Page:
Bardo Thödröl

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Tibetan name
Tibetan script :
བར་ དོ་ ཐོས་ གྲོལ
Wylie transliteration :
bar do thos grol
Pronunciation in IPA :
[ pʰàrtò tʰǿʈʂʰø̀ ]
Official transcription of the PRCh :
Pardo Toizhoi
THDL transcription :
Bardo Thödröl
Other spellings:
Bardo Thodol,
Bardo Thodol,
Bardo Thodrol,
Bardo Todol
Chinese name
Traditional :
《中 有 聞 解》
Simplified :
《中 有 闻 解》
Pinyin :
Zhōng yǒu wén jiě

Bardo Thödröl , also Bardo Thödol ( Tib . : bar do thos grol ; German: “Liberation through hearing in the intermediate state”; also: Tibetan Book of the Dead ) is a Buddhist script from the 8th century, which was discovered in a cave in the 14th century and goes back to the founder of Tibetan Buddhism, Padmasambhava . The Bardo Thödröl is one of the few writings that deals with the experiences of the human soul in dying, in the after-death state and in rebirth, and is intended to serve the deceased as a guide through the time of bardo existence between death and rebirth. In addition, the Bardo Thödröl is an instruction how the deceased can recognize the light of redemption with the help of texts read aloud and leave the cycle of rebirths . This “art of dying” is open to everyone and has to be practiced in life by tearing the Mayan veils .

The teachings include descriptions and practices for the bardo of dying (chikhai-bardo), the bardo of dharmata ( chönyi-bardo ) and the subsequent bardo of becoming ( sidpa-bardo ). The Tschönyi-Bardo and the Sidpa-Bardo are the two bardos after death , before the next rebirth in one of the six realms . If the appearances of the bardos after death are not recognized as projections of their own mind, the deceased will either see his future parents in the bardo of becoming and be reborn in a body of their species or be born spontaneously in a realm of gods or hell.

The name Tibetan Book of the Dead is a western reference to the Egyptian Book of the Dead , but is not used in the original texts.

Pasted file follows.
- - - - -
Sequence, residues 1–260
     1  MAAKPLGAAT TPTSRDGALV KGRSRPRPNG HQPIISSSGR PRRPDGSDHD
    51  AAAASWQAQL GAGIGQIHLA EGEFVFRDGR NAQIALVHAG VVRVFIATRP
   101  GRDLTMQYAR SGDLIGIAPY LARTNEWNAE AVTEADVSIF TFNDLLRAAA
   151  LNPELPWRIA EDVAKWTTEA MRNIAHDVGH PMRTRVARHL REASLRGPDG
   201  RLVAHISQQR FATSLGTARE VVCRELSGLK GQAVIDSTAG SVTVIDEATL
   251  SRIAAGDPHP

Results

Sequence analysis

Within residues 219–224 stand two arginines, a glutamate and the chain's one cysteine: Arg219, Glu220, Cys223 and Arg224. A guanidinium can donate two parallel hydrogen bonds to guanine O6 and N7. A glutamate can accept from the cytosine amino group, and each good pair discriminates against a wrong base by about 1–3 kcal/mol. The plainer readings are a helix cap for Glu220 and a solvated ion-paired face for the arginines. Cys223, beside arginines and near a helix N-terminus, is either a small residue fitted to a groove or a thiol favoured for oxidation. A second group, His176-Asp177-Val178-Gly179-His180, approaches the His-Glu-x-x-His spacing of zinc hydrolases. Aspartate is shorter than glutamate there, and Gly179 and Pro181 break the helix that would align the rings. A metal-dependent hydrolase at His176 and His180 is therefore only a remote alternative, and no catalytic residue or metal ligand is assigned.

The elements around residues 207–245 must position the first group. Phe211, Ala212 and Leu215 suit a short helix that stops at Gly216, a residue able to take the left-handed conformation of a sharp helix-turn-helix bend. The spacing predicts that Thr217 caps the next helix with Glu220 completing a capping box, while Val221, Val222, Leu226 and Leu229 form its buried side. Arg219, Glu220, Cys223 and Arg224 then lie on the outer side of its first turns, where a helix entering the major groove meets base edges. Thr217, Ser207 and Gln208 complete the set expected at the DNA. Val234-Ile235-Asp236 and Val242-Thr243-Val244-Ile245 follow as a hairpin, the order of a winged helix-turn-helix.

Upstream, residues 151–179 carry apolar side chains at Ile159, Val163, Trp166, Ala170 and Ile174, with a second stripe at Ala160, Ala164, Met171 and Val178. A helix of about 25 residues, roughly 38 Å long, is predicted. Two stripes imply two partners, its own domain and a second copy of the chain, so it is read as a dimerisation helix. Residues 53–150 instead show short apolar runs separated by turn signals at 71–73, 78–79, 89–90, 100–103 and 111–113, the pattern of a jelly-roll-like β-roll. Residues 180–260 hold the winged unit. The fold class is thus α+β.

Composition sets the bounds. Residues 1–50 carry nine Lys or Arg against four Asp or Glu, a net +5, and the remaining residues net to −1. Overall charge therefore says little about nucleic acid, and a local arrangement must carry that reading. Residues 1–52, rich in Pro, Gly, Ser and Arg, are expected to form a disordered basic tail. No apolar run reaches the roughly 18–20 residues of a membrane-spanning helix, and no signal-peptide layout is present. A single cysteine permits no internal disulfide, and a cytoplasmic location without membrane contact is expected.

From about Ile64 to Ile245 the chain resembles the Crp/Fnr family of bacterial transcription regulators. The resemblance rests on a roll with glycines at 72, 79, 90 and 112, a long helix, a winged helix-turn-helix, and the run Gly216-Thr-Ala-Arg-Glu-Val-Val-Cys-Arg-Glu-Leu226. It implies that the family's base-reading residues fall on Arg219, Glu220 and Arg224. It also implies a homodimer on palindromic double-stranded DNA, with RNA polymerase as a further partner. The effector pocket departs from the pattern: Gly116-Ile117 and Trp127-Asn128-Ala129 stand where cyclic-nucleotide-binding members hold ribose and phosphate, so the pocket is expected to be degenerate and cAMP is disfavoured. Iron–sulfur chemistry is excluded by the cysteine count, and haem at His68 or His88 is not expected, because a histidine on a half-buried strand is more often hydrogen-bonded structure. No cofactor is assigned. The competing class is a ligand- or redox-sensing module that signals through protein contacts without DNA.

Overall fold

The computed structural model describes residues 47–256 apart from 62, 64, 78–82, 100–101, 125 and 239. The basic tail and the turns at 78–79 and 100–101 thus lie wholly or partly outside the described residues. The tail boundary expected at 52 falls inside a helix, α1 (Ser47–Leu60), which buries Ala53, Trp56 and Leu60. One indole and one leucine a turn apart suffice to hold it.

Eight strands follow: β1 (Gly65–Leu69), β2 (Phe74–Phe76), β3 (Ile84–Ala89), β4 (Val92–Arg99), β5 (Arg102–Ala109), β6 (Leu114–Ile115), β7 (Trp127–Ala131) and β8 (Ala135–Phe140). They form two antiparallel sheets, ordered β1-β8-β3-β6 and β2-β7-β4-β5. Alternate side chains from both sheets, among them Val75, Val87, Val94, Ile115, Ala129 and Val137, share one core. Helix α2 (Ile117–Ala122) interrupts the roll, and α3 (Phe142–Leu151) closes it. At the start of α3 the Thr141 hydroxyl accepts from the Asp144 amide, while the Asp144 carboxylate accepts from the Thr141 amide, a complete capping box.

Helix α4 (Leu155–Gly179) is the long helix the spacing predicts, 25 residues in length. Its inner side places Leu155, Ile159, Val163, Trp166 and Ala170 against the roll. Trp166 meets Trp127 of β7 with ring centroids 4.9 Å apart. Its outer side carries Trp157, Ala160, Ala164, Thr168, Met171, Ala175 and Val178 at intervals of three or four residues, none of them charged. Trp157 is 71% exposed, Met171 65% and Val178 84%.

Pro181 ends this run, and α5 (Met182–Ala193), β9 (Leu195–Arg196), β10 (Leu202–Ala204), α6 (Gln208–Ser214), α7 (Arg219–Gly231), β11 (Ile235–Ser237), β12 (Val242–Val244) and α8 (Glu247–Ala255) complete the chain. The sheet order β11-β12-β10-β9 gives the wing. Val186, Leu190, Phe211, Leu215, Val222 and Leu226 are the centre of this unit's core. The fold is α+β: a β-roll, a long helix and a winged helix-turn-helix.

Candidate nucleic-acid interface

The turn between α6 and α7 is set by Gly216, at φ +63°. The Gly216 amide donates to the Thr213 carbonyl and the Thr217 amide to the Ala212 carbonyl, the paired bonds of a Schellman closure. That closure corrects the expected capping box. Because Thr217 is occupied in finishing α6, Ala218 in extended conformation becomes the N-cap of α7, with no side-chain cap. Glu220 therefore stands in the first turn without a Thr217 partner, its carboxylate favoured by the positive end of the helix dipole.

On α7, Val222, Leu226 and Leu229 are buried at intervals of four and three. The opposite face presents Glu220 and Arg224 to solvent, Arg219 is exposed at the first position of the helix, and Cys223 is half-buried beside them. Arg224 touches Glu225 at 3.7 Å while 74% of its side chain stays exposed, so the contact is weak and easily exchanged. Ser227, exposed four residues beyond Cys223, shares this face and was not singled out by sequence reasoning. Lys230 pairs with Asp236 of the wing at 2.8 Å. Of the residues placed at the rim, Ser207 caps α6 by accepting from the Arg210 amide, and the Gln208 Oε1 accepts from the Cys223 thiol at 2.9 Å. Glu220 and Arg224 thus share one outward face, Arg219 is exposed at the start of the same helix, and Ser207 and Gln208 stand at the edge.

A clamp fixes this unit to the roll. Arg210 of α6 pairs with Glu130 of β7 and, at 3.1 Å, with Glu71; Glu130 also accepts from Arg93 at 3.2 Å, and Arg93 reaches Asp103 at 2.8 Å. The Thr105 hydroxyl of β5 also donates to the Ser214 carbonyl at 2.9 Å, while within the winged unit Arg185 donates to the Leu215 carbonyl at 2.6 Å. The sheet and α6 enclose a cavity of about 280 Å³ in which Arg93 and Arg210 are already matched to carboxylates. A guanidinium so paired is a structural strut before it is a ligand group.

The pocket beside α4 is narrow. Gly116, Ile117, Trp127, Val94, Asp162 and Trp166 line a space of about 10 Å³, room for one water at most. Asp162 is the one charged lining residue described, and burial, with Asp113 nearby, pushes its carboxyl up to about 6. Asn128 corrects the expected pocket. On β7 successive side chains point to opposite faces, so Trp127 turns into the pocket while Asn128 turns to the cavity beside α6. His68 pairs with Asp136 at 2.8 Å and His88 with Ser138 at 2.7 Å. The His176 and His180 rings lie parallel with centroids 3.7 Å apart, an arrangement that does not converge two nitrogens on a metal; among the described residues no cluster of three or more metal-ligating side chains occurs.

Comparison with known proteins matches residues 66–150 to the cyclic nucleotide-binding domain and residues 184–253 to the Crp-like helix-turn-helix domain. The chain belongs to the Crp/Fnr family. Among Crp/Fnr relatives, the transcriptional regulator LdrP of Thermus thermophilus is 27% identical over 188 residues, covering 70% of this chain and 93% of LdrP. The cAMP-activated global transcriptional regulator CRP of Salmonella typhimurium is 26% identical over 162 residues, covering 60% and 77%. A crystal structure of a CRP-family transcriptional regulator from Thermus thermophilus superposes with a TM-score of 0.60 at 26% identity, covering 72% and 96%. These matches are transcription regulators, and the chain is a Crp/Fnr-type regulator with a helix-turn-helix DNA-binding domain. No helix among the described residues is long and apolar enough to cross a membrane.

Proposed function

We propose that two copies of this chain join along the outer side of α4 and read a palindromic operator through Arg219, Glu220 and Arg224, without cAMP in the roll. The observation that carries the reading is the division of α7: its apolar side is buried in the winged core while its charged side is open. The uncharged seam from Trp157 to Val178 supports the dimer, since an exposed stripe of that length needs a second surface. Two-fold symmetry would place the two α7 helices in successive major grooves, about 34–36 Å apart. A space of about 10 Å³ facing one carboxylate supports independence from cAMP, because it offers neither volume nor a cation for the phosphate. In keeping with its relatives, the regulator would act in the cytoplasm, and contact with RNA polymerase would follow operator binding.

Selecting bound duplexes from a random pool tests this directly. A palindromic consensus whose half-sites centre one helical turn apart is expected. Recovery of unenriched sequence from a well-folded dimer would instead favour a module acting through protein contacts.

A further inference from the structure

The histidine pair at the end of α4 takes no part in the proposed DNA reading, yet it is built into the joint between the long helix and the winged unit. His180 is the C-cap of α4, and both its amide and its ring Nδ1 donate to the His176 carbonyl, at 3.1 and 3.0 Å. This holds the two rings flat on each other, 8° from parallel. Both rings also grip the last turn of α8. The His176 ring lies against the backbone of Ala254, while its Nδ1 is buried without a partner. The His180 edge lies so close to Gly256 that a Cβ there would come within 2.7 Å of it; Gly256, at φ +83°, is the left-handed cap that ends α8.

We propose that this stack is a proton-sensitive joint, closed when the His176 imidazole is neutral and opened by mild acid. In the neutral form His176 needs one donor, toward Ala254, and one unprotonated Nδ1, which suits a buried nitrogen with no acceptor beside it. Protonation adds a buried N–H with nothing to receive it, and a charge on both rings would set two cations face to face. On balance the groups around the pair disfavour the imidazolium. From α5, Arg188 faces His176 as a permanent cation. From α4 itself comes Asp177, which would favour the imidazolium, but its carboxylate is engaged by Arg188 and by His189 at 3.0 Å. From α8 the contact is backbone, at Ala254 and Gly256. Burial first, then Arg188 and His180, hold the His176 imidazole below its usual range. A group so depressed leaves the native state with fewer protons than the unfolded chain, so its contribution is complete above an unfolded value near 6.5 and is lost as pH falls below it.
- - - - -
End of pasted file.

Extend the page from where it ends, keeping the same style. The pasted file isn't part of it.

The bardos

The text of the Bardo Thödröl consists of three parts that describe the intermediate states, called Bardos (Tibetan བར་ དོ་ , Wylie-Transliteration bar do , Sanskrit अन्तर्भाव, IAST-Transliteration antarbhāva ):

  1. The first part, called Chikhai-Bardo , describes in detail the physical and psychological events in the process of dying and at the moment of death . The chikhai-bardo ends with the perception of clear light , which according to Buddhist teaching is the ultimate nature of the mind and thus of the universe. In the neurosciences , clear light is also called the void state or white light state .
  2. The second part, called Tschönyi-Bardo , deals with the so-called karmic illusions that occur in this first bardo after death. The essence of the supreme Reality represented by The peaceful and frenzied deities appear as an unfolding mandala . The Tschönyi-Bardo ends with an overwhelming appearance of the previous development of the entire universe and the potential future development possibilities. In near-death experiences , this state occurs as a precognition and a sense of omniscience .
  3. The third part, called Sidpa-Bardo , describes how personal karma (cause and effect) and the deeds of life are recapitulated, and the processes involved in entering one of the six realms of rebirth .

It is important to recognize that the phenomena occurring in the bardos are projections of one's own mind . That is why different individuals perceive the phenomena appearing in the bardos differently to a certain extent . In the Bardo Thödröl the underlying pattern of the phenomena occurring in the bardos after death is described, the actual perceptions ( qualia ) can differ from individual to individual, but are always based on the basic pattern. CG Jung developed a similar concept with the archetypes . For example, the tantric deities appearing in the Chönyi-Bardo can manifest themselves differently in the perception of different individuals to a certain degree, but it is the same deity, the same 'archetype'. The landscape of light , which also appears in Tschönyi-Bardo , is perceived by an individual as an infinite, radiant, ethereal landscape of light with fractal structures reminiscent of flowers , to others it appears as a meadow of flowers .